Two owners of farms in the Omaruru and Gobabis districts yesterday asked the High Court to stop the levying and collection of tax on commercial agricultural land while a legal challenge about Valuation Court proceedings that took place in 2016 remain pending.
The Valuation Court proceedings in 2016, during which farm owners' objections against a new valuation of commercial farms were considered, was flawed, and the certified valuation roll in which farm values are recorded for the purpose of assessing land tax is completely defective and a nullity in law, farm owners Traupe Farming CC and the company Mapan Boerdery are claiming in an urgent application argued before deputy judge president Hosea Angula.
The close corporation, which is the registered owner of three farms in the Omaruru district, and Mapan Boerdery, which owns a farm in the Gobabis district, are claiming that as a result of the flaws in the Valuation Court's proceedings, there is no valid farm valuation roll on which assessments for land tax can be based.
They are also claiming that there is no obligation for farm owners who raised objections against the farm valuations that the Valuation Court was supposed to consider to now pay land tax on assessments based on the allegedly invalid valuation roll.
Deputy judge president Angula reserved his ruling in the matter after hearing oral arguments from senior counsel Andrew Corbett, representing Traupe Farming and Mapan Boerdery, and Kaijata Kangueehi, representing the minister of land reform, in the Windhoek High Court yesterday. He said he would deliver his ruling on Wednesday next week (21 February).
Farmer Christian Traupe informed the court in an affidavit that his close corporation and Mapan Boerdery, of which farmer Gustav Holz is the sole shareholder, in March last year filed a High Court application in which they are asking the court to review and set aside the Valuation Court proceedings and rulings dating from September, October and November 2016.
Their review application, which Traupe said is being supported by more than 1 100 other owners of commercial farms in Namibia, is still to be heard and decided.
According to Traupe, the provisional farm valuation roll that the Valuation Court had to consider in 2016 contained blatant mistakes that rendered the tax to be levied by government unaffordable. He said it was suspected that the valuer who compiled the valuation roll and his staff largely ignored the crucial factor of the carrying capacity of the farms whose taxation value they had to determine.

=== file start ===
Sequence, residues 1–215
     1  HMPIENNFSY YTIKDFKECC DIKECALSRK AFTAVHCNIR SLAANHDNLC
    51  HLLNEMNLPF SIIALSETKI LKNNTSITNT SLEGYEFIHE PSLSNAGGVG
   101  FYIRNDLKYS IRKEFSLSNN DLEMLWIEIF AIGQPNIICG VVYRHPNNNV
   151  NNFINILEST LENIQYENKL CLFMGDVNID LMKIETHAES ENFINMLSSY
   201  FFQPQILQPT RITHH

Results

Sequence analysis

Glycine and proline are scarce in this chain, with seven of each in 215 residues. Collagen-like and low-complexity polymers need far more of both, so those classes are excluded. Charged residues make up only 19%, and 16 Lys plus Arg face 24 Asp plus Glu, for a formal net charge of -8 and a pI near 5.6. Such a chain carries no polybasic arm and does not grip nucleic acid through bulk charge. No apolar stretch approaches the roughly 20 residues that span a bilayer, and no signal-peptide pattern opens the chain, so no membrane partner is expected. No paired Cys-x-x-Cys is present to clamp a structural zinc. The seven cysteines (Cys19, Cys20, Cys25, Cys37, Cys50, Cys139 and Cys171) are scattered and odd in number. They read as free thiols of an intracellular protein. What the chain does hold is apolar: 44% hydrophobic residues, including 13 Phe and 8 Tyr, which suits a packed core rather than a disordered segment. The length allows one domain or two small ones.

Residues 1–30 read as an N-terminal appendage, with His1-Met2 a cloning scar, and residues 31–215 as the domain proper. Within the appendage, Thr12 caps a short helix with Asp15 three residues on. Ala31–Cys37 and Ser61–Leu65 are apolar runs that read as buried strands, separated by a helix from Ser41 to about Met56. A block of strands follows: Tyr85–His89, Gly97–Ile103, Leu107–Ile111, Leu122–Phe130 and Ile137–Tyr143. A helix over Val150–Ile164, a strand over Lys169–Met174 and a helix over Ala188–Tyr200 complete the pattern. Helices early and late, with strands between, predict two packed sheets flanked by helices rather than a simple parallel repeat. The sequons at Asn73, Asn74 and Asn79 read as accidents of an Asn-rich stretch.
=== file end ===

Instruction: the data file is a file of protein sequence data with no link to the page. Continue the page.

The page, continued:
The Valuation Court did not comply with a regulation requiring it to give reasons for its decisions, did not at all times consist of four members as required by another of the Land Valuation and Taxation Regulations issued under the Agricultural (Commercial) Land Reform Act, and failed to appreciate the nature of its legal duties and to apply its mind properly, Traupe Farming and Mapan Boerdery are also claiming.
Corbett reminded judge Angula that the farm owners objecting to the valuation of their farms have indicated to the Ministry of Land Reform that they support the government's land reform process, provided it was implemented fairly, and were committed to paying land tax to finance land reform. However, in order for commercial farms to remain productive, the land tax levied had to be fair, reasonable and affordable, the land owners have stated.
In an answering affidavit also filed at the court, land reform minister Utoni Nujoma said the owners of commercial farms in Namibia received a reduction of 40% in the newly assessed value of their farms from the Valuation Court, and he also reduced the rate of the tax levied on farmland, lowering it from 0,75% of the value of a first farm owned by a Namibian to 0,4%, while the tax rate on a second farm owned by a Namibian was lowered from 1% to 0,65%, and the tax rate on a third farm owned by a Namibian was cut from 1,25% to 0,9%.
Traupe Farming had to pay N$15 971 in land tax annually on the three farms, comprising more than 17 000 hectares, owned by it before the new valuation and tax rate came into force, and would now have to pay annual land tax totalling N$33 338, Nujoma stated.
He disputed that the two applicants were acting as spokespersons for more than 1 100 fellow land owners, and charged that the two applicants do not support the land reform process, and have been trying to block the land tax since 2013 by taking the Ministry of Land Reform to court "at every turn".
Nujoma also stated that in terms of the Land Valuation and Taxation Regulations, a pending appeal against decisions of the Valuation Court would not prevent land tax from being assessed and levied. Farm owners would have to pay their land tax even while challenging the Valuation Court proceedings, he indicated.